Here is another excerpt from Out of My Mind, from the section “The World as I See It”
An Age of Normalizing Bullying
I recently saw a news story about a nine year old Syrian girl who was bullied at school to the point where she committed suicide. That was bad enough, but then came the real kicker. This didn’t happen in some third world country, nor even in the United States, but in Calgary, Alberta, right here in Canada. When did Canada get to the point where nine year old children are being, quite literally, bullied to death? When did this become okay?
I am quite aware that bullying is nothing new. I, personally, was bullied in school. Maybe that is why I have a very low tolerance for it. I know what it is like to be teased, named-called, insulted, beaten up. I know what it is like to be made to feel that you are worthless. My parents moved to a small town in the Manitoba Interlake, where I was one of few kids who hadn’t grown up in the community. I know what it feels like to be different, and to have that difference make you feel unwanted. It is a feeling that I wouldn’t wish on anyone.
I am even aware that it is no new thing for adults to overlook and minimize the seriousness of bullying. I remember once getting beaten up behind the school by two other students. Shortly after they left, the principal showed up, looked me up and down, and asked what happened. After I told him, he simply said, “You should learn to defend yourself,” then turned and walked away. Over the next few weeks, I managed to track and confront each boy individually. After each confrontation, the boy and I ended up in the principal’s office. I don’t think the principal even recognized the irony when he gave us the strap.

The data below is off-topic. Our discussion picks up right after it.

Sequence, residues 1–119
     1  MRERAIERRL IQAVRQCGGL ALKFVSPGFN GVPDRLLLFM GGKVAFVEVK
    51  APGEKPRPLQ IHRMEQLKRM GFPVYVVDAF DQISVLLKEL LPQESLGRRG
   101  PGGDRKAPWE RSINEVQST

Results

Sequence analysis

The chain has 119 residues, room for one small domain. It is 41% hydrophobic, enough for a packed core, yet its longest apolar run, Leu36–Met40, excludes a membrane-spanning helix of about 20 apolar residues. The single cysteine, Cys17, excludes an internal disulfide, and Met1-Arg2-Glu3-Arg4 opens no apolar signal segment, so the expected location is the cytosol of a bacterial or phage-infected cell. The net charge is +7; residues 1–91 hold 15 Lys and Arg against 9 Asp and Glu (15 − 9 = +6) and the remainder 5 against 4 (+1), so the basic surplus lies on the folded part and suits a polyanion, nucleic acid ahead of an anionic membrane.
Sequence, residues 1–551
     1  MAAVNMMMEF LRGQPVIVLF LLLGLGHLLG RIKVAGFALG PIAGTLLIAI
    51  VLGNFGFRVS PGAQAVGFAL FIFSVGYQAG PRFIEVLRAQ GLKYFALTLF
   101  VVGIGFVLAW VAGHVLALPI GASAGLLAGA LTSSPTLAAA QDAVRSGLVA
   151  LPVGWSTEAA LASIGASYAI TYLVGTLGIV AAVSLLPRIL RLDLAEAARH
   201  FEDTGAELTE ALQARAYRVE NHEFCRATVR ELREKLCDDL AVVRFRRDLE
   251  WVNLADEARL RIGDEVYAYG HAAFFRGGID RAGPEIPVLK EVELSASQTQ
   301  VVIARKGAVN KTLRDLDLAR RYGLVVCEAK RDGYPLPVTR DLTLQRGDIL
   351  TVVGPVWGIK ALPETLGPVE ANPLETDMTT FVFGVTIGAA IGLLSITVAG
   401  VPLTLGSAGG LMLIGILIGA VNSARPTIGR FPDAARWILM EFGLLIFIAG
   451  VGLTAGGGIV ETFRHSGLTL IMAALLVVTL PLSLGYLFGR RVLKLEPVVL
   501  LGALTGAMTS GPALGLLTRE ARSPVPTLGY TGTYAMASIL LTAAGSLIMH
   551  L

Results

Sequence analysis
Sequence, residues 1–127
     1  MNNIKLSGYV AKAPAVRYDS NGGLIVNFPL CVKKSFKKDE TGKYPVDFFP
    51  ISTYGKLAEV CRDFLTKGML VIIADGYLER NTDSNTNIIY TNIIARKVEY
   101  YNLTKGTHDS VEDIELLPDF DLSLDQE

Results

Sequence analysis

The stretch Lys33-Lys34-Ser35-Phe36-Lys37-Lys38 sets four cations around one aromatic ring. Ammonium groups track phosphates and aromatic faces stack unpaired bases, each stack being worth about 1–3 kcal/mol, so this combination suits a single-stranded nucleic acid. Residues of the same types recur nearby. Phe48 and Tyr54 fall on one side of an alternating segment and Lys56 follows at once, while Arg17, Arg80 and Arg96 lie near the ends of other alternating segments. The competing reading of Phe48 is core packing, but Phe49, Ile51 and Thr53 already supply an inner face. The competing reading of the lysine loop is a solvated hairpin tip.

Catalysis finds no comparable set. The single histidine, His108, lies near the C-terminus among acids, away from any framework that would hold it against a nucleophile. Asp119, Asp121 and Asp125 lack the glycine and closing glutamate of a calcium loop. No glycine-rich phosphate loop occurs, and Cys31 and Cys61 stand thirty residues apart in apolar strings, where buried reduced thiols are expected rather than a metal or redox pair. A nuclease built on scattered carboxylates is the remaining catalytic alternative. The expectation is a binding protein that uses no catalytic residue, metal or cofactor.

For those of the younger generation who may not have heard of it, “the strap” is a piece of leather about a foot (30 cm) long and two inches (5 cm) wide, that a teacher would slap across an offending student’s hands in order to maintain discipline. As opposed to what some people claim, I never felt traumatized by the experience, except for the time I got it in the third grade for working too slowly. Yes, teachers can be bullies too. I also don’t ever remember learning anything from it, other than that teachers can, on occasion, be hypocrites.
But even though bullying has been around for a very long time, in the last few years it has gotten much worse. There are several things I blame for that. Number one is social media, which makes it easy for people who wouldn’t normally say nasty things out loud, even if they felt like saying them, to fire negative, insulting, belittling, and even racist remarks, semi-anonymously, from the comfort of their own home, at people they haven’t even met. By semi-anonymously I mean that, even though they are using their own name and picture, they don’t have to personally confront the target of their wrath. This can be taken a step further with a completely fake identity, freeing an internet bully from any form of consequence. Social media allows bullies, stalkers, and other vermin the chance to track their targets right into their homes and private lives, and to continue harassing them, without revealing who they are. Let’s face it, social media makes it far too easy to be mean.
To read the rest, plus the other 71 stories, purchase it at: https://www.amazon.ca/Out-My-Mind-Brian-Campb…/…/ref=sr_1_1…
or call Brian for a signed copy at: 204-880-5505